Patient-reported outcome measures (PROMs) for orthopaedic procedures have long been used in clinical research. In the last decade, the use of PROMs has expanded to include quality-of-care assessments and, in some healthcare systems, to help calculate costs and reimbursements. All this has made PROMs increasingly visible to patients.
There are several validated and widely used PROMs for hip and knee arthroplasty. One problem with those is that the data from one PROM are not interchangeable with data from another. That disconnect limits the opportunity for meaningful data aggregation and thwarts large-scale population research.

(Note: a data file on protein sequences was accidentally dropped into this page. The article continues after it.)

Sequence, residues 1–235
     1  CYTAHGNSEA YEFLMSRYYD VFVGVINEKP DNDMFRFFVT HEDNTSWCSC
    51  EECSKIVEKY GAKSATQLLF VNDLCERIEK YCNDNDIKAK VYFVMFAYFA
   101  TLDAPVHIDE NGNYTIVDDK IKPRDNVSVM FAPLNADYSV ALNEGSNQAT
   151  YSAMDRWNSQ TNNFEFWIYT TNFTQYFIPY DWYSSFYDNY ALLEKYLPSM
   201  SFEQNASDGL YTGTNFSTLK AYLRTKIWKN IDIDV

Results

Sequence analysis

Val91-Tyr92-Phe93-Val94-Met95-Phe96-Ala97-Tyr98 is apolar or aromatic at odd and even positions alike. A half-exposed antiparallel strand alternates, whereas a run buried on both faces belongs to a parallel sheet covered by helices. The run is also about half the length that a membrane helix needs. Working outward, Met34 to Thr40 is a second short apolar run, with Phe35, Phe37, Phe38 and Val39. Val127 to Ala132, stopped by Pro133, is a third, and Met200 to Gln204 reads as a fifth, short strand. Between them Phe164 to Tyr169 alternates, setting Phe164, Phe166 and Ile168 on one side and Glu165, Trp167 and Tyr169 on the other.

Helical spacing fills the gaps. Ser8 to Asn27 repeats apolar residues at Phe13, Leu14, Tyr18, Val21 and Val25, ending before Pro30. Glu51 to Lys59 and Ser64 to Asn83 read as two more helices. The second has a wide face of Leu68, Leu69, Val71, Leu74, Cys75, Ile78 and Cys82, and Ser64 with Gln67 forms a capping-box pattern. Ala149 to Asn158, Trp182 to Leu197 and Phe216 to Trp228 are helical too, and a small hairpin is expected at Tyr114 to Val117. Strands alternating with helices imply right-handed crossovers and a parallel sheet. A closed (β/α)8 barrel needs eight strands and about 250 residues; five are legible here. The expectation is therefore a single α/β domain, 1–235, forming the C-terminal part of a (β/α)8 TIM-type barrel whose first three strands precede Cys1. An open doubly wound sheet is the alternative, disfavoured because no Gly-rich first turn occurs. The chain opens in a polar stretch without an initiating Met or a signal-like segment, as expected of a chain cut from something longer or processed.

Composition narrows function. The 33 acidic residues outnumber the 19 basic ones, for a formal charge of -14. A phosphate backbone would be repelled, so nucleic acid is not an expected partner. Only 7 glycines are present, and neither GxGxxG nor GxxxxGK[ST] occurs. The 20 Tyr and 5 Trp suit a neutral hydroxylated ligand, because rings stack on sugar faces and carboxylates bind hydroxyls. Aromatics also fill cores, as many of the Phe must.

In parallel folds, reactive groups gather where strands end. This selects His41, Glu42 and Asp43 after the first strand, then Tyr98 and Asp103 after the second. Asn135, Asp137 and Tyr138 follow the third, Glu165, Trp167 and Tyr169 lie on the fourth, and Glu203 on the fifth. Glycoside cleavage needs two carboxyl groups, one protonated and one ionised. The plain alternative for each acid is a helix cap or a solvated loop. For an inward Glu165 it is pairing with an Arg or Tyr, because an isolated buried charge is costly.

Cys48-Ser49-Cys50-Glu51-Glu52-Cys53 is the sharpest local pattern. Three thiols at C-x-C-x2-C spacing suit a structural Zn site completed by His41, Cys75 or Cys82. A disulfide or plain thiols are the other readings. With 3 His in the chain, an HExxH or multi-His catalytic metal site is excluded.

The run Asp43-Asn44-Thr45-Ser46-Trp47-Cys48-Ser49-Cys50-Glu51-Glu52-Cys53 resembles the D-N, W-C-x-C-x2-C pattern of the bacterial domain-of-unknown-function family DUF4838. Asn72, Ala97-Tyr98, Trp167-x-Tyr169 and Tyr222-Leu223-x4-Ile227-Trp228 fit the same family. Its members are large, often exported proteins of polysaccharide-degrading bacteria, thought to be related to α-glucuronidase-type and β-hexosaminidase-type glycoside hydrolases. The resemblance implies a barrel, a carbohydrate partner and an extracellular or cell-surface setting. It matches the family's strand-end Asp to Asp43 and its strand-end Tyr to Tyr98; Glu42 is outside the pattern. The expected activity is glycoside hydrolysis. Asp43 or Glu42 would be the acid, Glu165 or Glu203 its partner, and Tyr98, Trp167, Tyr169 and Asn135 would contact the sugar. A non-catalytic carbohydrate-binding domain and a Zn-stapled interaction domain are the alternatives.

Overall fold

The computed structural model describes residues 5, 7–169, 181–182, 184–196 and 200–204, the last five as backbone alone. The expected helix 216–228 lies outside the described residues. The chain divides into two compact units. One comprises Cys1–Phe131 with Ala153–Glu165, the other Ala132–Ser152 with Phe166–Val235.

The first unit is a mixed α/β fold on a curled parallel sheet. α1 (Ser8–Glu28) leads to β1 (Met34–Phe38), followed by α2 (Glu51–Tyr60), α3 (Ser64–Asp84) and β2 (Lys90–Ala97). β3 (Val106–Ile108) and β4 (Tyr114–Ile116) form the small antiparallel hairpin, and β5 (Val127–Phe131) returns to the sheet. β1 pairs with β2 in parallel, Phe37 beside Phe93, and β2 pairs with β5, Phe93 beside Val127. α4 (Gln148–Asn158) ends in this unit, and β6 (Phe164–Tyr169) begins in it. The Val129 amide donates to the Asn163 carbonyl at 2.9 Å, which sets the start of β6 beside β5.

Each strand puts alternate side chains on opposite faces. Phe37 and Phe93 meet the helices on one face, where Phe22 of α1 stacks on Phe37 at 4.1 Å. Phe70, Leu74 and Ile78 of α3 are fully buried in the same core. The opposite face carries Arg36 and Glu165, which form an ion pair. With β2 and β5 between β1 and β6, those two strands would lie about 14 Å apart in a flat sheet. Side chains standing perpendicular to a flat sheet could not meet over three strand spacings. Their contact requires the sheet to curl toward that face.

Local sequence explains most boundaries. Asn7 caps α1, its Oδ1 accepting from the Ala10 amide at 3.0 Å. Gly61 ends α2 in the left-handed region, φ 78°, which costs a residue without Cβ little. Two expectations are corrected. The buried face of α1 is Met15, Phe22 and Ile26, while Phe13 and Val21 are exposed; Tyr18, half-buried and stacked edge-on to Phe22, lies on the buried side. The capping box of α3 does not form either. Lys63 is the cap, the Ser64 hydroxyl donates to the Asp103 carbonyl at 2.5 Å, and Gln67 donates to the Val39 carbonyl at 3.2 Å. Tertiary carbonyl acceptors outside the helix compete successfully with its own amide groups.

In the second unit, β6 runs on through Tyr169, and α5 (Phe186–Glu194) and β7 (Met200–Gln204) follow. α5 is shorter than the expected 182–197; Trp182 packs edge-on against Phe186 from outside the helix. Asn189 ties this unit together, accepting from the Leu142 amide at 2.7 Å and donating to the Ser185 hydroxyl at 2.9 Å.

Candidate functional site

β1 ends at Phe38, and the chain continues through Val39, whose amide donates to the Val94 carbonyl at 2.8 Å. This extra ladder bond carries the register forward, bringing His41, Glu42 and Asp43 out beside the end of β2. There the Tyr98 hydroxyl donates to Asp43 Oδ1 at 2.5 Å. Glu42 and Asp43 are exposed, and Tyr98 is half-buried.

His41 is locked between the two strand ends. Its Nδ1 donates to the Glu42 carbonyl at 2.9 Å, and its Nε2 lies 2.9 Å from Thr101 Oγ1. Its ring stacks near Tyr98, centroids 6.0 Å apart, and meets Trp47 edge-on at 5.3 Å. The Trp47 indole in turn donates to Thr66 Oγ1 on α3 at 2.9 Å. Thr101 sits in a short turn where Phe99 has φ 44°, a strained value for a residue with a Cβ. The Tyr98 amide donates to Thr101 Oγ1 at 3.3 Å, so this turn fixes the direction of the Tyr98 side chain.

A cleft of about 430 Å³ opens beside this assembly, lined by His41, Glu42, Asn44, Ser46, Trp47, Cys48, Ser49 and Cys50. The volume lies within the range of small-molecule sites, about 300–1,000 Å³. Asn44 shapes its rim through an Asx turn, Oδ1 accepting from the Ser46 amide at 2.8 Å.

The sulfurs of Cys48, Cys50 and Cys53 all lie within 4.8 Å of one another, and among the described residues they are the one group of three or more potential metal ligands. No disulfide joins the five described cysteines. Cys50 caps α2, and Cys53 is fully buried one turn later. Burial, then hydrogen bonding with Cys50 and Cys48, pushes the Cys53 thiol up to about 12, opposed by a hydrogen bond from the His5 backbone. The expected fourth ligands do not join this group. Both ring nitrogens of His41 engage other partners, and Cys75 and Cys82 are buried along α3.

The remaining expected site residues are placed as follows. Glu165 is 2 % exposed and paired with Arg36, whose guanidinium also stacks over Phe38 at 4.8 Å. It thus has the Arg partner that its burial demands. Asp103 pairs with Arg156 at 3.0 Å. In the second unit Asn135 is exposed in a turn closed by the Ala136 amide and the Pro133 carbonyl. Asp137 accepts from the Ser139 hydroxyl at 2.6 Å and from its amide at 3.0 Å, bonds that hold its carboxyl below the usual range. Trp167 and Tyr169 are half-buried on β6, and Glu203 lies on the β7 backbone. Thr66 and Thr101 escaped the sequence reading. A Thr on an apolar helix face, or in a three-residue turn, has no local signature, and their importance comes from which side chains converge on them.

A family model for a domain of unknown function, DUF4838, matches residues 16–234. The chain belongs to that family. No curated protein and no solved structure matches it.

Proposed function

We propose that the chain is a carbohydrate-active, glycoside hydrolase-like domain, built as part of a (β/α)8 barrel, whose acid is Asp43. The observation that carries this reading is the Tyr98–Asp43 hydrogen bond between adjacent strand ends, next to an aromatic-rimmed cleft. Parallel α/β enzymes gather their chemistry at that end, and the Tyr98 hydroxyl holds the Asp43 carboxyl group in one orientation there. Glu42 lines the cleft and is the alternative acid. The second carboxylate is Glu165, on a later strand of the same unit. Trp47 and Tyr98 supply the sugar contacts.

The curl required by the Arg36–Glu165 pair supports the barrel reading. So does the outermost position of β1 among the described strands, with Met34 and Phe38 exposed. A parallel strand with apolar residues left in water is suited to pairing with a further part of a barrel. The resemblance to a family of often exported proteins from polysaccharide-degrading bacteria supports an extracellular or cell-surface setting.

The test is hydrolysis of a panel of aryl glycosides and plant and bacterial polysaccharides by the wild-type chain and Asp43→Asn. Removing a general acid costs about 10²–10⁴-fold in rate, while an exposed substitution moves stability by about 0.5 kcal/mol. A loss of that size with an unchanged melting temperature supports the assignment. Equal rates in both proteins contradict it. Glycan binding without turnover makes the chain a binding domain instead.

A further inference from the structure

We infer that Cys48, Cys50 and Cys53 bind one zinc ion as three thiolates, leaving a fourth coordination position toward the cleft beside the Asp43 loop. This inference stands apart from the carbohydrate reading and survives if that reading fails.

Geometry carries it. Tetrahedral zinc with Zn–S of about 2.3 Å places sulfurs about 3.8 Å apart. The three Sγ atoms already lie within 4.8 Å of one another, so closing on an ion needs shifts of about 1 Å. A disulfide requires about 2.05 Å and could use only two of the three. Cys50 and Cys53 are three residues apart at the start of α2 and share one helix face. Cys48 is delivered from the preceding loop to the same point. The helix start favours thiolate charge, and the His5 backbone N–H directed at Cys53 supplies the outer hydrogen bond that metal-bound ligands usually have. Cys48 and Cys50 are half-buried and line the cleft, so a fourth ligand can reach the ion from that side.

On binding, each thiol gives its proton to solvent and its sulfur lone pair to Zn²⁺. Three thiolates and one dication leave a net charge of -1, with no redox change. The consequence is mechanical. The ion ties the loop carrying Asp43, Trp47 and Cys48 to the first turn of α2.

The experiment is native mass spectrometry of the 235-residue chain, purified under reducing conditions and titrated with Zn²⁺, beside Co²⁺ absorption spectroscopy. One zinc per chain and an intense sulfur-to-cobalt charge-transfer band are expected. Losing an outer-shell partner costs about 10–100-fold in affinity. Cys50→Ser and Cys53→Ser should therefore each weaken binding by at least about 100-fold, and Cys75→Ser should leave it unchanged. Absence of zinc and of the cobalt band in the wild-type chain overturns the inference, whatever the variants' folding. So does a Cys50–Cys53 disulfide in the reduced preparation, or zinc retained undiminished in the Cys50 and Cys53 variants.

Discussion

In the June 3, 2020 issue of The Journal, Polascik et al. tackle this problem head-on. They report on a “crosswalk” system that allows back-and-forth conversion between 4 of the most commonly used PROMS—the Oxford hip and knee scores and the HOOS and KOOS short-form scores. The authors developed this tool by applying sophisticated statistical methods to data from a large cohort of hip and knee arthroplasty patients. The accuracy of the 4 crosswalks Polascik et al. developed was substantiated when they found minimal differences between the means of the known and crosswalk-derived scores.
This practical tool for converting scores is a substantial advance in patient-reported outcomes research. It will further facilitate the pooling of data for use in future clinical research, quality-of-care initiatives, and reimbursement systems. Patients, surgeons, researchers, and health systems alike all stand to benefit greatly.
Marc Swiontkowski, MD